Reading… Killing Williamsburg

After moving to New York in 1999, Benson, a reflexively cynical twenty-something, and his girlfriend look for work while exploring the hipster playground emerging in North Brooklyn. Rumors of suicides spread, and people start to kill themselves in alarming numbers—hangings, jumpers, death by L train. Friends follow strangers. As the “Bug” spreads to Manhattan, Benson assembles a grassroots crew to help clean up the city, half-deserted and riddled with corpses. Killing Williamsburg is a dark meditation on the purpose of life and a testament to the stubborn resilience of the New York state of mind.


I read Bradley Spinelli’s Killing Williamsburg a couple of weeks ago, and I’ve been thinking about what to write about it since. In short, I loved it.

It’s a story about a suicide epidemic affecting the inhabitants of Williamsburg. At first, the suicides are apparently isolated incidents, but soon Benson realises that they are much more serious. Mostly confined to Williamsburg, a “bug” starts to infect people; instantly their eyes change and they find the fastest possible way to depart, regardless of where they are, what they’re doing, or who they might take with them. Slowly, Williamsburg becomes a ghost town.  Benson stays, recruiting a team of others to clean up, and to hope that life might return to something normal. It sounds horribly morbid, but it really isn’t – it’s a statement on a consumer-driven way of life, and questions what is really important.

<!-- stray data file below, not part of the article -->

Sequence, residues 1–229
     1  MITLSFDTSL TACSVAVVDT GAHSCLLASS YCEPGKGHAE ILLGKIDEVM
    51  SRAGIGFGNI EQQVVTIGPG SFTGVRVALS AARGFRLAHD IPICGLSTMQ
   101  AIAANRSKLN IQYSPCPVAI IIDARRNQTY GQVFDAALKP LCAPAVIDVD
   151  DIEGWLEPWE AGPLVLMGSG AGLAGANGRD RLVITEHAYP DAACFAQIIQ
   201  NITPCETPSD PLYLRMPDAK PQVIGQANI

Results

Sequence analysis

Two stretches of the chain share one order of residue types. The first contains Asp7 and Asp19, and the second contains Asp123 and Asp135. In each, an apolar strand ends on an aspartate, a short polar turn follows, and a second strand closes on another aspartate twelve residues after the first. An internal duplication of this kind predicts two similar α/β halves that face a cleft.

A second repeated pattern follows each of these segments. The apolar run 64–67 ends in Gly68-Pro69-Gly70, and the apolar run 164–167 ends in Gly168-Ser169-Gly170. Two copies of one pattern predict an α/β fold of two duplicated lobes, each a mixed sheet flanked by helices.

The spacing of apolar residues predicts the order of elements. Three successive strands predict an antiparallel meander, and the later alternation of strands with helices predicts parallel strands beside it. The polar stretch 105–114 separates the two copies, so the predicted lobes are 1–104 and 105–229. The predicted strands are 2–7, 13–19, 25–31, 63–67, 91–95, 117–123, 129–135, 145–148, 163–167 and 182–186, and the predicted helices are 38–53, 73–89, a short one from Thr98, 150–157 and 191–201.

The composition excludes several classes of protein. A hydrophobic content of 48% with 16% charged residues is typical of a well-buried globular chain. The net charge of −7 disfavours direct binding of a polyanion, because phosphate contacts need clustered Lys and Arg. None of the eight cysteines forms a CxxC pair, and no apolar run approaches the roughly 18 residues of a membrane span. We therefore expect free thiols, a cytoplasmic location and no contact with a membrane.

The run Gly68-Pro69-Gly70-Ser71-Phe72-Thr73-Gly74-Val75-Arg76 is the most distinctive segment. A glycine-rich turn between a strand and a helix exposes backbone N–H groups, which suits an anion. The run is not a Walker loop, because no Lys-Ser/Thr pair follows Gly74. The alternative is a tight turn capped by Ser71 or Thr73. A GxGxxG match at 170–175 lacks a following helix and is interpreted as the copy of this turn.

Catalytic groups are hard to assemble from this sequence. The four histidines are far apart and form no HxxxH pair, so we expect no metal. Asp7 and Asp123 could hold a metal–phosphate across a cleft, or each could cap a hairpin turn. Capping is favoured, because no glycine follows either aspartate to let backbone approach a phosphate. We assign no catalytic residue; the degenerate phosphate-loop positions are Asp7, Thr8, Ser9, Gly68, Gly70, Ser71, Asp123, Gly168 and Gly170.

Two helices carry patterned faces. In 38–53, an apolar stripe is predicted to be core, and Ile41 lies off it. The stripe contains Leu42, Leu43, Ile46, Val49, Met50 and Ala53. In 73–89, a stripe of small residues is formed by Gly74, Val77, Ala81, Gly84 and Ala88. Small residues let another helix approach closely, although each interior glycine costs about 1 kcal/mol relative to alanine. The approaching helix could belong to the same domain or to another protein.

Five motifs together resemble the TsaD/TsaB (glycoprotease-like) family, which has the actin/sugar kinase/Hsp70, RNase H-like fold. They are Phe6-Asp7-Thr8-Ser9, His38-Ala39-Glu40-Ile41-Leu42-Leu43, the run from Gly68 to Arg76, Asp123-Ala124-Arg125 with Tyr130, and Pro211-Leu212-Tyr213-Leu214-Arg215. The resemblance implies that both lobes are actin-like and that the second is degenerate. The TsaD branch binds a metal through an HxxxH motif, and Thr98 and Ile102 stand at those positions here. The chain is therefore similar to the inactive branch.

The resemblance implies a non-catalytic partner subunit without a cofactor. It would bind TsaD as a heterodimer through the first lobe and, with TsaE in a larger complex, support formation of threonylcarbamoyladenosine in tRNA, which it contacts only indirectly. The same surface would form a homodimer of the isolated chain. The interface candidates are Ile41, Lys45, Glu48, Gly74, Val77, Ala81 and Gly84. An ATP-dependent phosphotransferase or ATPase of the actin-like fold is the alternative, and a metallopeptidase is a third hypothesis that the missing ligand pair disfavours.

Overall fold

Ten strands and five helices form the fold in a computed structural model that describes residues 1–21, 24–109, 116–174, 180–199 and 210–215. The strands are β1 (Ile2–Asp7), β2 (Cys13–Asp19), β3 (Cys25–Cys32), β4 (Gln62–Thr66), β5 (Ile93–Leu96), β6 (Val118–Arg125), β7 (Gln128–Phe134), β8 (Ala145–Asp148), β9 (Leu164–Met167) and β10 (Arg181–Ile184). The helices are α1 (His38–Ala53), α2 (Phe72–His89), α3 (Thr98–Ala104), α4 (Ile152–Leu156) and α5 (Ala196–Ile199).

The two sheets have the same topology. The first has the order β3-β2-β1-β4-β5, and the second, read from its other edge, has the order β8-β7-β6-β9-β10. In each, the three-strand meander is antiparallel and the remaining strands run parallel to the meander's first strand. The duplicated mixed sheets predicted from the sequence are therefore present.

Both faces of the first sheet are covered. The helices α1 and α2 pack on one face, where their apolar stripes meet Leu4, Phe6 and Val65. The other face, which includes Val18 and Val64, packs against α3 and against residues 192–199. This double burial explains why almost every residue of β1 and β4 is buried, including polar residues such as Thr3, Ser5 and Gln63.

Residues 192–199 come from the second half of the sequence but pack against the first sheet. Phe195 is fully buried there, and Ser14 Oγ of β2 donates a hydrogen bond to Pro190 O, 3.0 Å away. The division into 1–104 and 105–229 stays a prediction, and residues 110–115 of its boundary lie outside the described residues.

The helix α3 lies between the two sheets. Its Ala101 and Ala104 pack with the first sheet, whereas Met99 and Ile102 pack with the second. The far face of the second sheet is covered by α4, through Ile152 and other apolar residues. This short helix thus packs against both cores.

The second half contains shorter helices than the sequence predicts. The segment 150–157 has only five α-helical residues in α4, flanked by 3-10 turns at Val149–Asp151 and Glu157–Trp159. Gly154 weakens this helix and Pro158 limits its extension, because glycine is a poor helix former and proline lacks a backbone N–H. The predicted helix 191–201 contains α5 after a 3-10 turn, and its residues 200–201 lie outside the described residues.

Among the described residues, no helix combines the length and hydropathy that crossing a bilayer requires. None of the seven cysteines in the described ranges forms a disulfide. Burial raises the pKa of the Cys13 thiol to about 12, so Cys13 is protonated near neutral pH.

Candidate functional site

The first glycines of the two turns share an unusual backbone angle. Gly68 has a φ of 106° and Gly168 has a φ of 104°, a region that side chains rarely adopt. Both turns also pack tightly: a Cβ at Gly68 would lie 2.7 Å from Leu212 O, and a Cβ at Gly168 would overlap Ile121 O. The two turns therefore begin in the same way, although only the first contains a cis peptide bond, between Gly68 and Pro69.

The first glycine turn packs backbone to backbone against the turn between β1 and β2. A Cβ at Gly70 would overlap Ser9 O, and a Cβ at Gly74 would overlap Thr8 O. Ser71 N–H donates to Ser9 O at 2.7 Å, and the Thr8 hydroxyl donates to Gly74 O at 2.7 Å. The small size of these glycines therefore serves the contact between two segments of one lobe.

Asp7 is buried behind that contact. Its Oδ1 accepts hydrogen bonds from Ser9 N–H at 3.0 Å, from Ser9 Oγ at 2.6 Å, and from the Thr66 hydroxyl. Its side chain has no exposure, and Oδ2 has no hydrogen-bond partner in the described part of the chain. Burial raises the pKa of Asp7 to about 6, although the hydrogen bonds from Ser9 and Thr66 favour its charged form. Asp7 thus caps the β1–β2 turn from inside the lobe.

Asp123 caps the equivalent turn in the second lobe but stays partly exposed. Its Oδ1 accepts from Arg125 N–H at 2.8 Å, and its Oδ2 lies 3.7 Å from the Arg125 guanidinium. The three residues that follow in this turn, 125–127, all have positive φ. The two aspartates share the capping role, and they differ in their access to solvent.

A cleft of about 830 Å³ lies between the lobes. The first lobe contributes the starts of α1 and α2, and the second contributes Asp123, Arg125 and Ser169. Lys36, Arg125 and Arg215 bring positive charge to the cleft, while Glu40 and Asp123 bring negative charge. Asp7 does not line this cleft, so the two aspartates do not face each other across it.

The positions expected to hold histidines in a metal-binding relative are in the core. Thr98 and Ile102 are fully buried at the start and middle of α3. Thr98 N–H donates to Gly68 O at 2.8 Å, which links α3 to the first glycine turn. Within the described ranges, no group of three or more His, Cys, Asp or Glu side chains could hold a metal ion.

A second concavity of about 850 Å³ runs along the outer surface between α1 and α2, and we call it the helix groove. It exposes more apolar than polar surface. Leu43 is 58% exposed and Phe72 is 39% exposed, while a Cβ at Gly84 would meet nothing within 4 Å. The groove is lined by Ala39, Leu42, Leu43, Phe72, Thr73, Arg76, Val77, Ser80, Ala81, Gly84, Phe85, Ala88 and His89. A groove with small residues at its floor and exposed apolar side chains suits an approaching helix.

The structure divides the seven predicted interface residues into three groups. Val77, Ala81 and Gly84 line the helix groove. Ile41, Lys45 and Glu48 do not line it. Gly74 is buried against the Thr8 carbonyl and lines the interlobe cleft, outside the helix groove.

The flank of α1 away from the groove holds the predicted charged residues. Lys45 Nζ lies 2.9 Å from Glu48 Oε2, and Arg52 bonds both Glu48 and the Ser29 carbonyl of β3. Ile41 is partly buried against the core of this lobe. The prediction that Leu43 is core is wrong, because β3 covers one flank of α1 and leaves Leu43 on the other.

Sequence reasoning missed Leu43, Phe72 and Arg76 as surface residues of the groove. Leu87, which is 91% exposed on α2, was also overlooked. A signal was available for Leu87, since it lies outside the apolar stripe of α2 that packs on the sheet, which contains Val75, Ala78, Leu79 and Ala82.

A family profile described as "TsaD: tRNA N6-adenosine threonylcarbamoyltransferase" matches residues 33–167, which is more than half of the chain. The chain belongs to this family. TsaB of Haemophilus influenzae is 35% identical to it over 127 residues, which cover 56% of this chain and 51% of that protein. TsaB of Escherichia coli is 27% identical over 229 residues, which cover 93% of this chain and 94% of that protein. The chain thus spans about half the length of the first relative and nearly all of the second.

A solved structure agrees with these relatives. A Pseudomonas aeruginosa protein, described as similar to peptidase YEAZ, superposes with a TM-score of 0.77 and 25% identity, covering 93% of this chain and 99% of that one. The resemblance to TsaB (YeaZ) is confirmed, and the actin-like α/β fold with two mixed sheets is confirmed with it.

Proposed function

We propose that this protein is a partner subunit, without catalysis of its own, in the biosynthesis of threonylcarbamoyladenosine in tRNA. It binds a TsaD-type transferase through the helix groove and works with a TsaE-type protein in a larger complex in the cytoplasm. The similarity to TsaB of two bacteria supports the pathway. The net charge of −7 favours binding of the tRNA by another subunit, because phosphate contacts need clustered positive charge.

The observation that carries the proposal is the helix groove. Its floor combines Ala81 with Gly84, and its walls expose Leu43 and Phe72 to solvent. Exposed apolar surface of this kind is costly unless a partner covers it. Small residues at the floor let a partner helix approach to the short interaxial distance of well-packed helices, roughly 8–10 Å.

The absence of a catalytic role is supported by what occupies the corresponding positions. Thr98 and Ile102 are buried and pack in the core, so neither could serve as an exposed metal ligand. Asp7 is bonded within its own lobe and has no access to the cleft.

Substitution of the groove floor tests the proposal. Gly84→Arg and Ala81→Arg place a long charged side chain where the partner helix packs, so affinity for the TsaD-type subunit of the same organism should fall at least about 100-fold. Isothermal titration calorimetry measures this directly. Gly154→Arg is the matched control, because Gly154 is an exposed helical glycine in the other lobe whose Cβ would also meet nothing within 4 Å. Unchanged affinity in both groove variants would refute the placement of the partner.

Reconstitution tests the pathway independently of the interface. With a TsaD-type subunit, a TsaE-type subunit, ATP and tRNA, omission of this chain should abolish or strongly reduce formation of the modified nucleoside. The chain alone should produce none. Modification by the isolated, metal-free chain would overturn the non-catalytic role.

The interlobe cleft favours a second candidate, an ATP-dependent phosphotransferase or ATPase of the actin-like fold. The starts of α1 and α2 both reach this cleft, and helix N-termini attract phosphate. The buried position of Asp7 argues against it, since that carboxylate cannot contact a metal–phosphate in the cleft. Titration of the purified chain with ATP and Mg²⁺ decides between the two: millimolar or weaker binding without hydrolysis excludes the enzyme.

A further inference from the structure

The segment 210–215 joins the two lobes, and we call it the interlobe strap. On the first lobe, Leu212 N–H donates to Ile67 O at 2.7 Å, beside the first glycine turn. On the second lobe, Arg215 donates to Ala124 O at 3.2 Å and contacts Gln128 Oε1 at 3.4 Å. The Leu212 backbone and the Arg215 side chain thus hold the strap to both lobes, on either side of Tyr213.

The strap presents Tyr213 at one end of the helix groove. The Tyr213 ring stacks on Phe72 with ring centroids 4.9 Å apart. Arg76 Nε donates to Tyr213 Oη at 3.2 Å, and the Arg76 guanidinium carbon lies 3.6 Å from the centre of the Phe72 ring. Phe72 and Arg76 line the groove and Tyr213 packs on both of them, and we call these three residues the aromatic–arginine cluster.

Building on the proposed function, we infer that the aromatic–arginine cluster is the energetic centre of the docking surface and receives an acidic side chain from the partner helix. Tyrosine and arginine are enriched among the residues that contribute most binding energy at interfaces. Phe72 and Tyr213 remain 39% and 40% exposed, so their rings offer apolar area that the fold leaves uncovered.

I think Spinelli’s writing style is similar to Bret Easton Ellis’, but his characters are far more human, far more likeable. They are more… real. It might be just that Killing Williamsburg is dealing with a similar subject matter, but I enjoyed this far more than either Glamorama or American Psycho, and I think that its message is far more powerful for not being obscured by ridiculously graphic violence and sex scenes. (I think I’m done reading all the Bret Easton Ellis that I can. I tried!) The suicides in Killing Williamsburg (of which there are many) are written about in a variety of ways, some more descriptive than others, and some more violent than others, but at no point does Spinelli’s writing become reaction-seeking.  Instead, we see Benson become more compassionate, his life and his entire outlook completely changed by the events in his new neighbourhood.

I found Killing Williamsburg on my Kindle, when it was a free download last month. I honestly can’t recommend it enough. I wasn’t sure that it would be my cup of tea, but it is so well written, and Benson is such an engaging character, that I was sucked in straight away, and it only took me a couple of days to read.  It’s so hard to review something that you can’t find any fault with at all, but there you go!  I’d love to know what you thought if you’ve read it!

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